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What Remains Unknown About the Deep Sea?

In this edition of “Ask a Marine Biologist,” Dr. David Shiffman tackles a question about known unknowns in ocean exploration.

By David Shiffman, Ph.D. | Authored On September 14, 2023
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What Remains Unknown About the Deep Sea?

Much of the deep sea remains unexplored and there are undoubtedly amazing discoveries that no one has any idea to even look for.

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Q: Scientists remark all the time that we know more about the surface of the moon than we know about our own oceans. What remains unknown about the deep sea?

A: It’s really hard to answer questions like this, because so much of the deep sea remains unexplored that there are undoubtedly amazing discoveries that no one had any idea to even look for. In such alien ecosystems, we often don’t know what we don’t know! We didn’t even know that hydrothermal vent ecosystems existed until shortly before I was born, and scientists reported a new type of ecosystem under hydrothermal vents this past month . But here are some things that we know are almost certainly out there, yet to be discovered.

There are LOTS of undiscovered species in the deep sea. As I noted in a past “ask a marine biologist,” there are an estimated millions to hundreds of billions of species that are as yet unknown to science. Many of those species are in the deep sea, which is one of the least-explored environments on Earth. Earlier this year, scientists reported more than 5,000 new species living on the seafloor in the Clarion-Clipperton Zone of the Pacific alone My deep sea biologist friends have joked that basically any time we send down an ROV or crewed submersible, we find something that no human has ever seen before.

Related Reading: What Can Divers Do to Help With Ocean Plastic Pollution?

There are also lots of seamounts, underwater mountains which are often bigger than just about anything on land, that have yet to be discovered. These seamounts are important hotspots for marine life and are often prioritized for marine protected areas. Additionally, as ESRI Chief Scientist Dr. Dawn Wright noted in a recent op-ed entitled “To protect the oceans we must map them,” these seamounts play a role in the flow of ocean currents tied to storm formation. You may be thinking that it must be rare for there to be something as huge as a mountain that no one knows is there…but consider that scientists from the Scripps Institution of Oceanography published a report of 19,325 previously-unknown seamounts in April 2023. Before that, just 24,463 seamounts were known to science.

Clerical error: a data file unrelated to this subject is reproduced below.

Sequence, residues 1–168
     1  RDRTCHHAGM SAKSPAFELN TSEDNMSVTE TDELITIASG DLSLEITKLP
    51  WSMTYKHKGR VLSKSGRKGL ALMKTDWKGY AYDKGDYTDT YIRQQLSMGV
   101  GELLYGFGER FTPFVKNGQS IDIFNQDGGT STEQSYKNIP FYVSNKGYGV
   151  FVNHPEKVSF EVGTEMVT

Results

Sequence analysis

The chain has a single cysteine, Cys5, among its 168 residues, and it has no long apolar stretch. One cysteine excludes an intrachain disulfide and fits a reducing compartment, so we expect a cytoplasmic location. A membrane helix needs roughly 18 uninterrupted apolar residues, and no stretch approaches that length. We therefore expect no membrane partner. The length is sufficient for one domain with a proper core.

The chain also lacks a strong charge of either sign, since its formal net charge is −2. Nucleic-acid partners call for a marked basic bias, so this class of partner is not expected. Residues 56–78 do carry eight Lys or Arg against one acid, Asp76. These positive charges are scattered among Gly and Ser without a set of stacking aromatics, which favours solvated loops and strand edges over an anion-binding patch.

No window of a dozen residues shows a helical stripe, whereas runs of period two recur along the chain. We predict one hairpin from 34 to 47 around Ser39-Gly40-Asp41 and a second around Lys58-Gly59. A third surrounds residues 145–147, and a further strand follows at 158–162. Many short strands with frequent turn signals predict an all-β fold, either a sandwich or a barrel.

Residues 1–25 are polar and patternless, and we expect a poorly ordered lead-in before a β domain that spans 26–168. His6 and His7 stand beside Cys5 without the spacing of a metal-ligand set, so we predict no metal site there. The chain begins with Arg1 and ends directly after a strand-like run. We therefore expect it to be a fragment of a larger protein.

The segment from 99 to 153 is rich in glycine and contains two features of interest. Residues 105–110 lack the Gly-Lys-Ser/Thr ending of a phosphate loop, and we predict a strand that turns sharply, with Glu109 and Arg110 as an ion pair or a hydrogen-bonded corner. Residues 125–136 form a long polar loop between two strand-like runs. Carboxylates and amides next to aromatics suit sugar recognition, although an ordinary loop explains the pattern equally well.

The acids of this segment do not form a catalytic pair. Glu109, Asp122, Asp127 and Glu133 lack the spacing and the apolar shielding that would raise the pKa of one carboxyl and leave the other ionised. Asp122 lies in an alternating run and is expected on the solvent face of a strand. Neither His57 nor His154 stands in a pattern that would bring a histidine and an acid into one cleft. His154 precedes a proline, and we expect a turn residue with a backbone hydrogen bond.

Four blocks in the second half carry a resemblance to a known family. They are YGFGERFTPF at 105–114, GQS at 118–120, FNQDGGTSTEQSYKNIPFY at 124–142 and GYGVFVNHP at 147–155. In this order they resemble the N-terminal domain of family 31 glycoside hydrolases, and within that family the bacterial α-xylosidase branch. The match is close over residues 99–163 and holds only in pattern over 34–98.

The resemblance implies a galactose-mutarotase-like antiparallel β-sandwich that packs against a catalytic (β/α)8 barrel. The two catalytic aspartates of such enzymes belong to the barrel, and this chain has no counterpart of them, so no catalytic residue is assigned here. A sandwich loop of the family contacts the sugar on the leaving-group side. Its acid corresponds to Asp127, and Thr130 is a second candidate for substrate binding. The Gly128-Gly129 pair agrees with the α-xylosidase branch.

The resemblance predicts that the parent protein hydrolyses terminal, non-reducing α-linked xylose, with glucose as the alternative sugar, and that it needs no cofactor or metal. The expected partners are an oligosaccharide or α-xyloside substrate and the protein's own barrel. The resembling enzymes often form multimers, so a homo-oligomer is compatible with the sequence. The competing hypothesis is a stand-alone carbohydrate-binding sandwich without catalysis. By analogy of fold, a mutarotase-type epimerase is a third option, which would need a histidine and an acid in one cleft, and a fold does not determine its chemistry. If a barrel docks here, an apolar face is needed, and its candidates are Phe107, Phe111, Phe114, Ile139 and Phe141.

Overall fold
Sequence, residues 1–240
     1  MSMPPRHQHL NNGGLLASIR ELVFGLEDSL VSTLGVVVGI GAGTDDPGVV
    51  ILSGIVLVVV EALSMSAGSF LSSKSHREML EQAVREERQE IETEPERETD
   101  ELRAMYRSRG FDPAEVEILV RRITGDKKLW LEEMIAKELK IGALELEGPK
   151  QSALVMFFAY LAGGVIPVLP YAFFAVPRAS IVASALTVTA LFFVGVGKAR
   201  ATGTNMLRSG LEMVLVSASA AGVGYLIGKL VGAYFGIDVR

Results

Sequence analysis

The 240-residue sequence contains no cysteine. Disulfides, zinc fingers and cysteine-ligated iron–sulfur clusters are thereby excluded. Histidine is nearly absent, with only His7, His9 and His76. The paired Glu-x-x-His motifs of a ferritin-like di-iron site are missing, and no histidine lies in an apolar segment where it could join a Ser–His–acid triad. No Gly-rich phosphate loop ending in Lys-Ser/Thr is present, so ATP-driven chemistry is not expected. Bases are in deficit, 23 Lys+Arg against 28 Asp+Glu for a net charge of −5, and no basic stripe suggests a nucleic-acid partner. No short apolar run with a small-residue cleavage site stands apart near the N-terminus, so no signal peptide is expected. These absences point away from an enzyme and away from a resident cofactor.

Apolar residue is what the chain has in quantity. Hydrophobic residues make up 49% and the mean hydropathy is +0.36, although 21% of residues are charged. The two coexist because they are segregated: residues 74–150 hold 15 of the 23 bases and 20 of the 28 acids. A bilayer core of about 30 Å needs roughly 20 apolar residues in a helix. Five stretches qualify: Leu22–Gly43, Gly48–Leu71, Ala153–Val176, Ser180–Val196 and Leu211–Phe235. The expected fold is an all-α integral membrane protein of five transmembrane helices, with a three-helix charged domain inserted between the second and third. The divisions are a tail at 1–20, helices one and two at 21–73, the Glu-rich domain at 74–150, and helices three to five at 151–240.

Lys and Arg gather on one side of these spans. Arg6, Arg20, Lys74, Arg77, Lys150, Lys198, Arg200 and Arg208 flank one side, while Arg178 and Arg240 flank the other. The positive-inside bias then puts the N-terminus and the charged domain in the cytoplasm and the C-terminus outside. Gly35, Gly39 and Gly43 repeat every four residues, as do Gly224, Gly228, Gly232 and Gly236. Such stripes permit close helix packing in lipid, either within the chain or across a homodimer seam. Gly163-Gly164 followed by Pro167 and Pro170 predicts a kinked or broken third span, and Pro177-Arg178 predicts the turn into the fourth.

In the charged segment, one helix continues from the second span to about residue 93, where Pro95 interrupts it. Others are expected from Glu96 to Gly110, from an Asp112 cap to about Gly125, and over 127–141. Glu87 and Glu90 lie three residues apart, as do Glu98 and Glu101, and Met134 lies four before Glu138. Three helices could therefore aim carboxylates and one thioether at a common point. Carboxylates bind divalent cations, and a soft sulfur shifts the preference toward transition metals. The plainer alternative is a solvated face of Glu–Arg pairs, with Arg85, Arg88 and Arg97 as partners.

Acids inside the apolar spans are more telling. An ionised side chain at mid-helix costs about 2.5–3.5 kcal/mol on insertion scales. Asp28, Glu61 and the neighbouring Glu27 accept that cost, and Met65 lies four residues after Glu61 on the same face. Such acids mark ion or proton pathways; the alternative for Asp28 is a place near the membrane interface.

And while this may be a copout of an answer, there’s almost certainly some even weirder stuff down there that we haven’t thought of yet. This is an environment where sunlight never reaches, and the base of the food chain is chemosynthesis not photosynthesis. The pressure is hundreds of times greater than at sea level, enough to pulverize a lot of life as we know it. One of the biggest sources of nutrients is dead whales sinking. Who knows what’s out there?

Related Reading: How Scuba Divers Are Helping to Save the Critically Endangered Angel Shark

It’s important to stress here that it matters that we don’t know much about the deep sea and the amazing marine life that lives there, this isn’t just a case of knowledge for the sake of knowledge. This area faces many emerging threats, from the expansion of fisheries into ever deeper waters to the race to mine the region. We don’t know everything that’s down there, let alone how it will respond to threats like this, which means we face a very real risk of driving a species extinct before anyone knows it’s there, with entirely unknown consequences for the broader ecosystem.


Ask a Marine Biologist is a monthly column where Dr. David Shiffman answers your questions about the underwater world. Topics are chosen from reader-submitted queries as well as data from common internet searches. If you have a question you’d like answered in a future Ask a Marine Biologist column, or if you have a question about the answer given in this column, email Shiffman at WhySharksMatter@gmail.com with subject line “Ask a marine biologist.”

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David Shiffman

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Dr. David Shiffman is a marine conservation biologist specializing in the ecology and conservation of sharks. An award-winning public science educator, David has spoken to thousands of people around the world about marine biology and conservation and has bylines with the Washington Post, Scientific American, New Scientist, Gizmodo and more. Follow him on @WhySharksMatter on Twitter, Facebook and Instagram, where he’s always happy to answer any questions about sharks.

The views expressed in this article are those of David Shiffman, and not necessarily the views Scuba Diving magazine.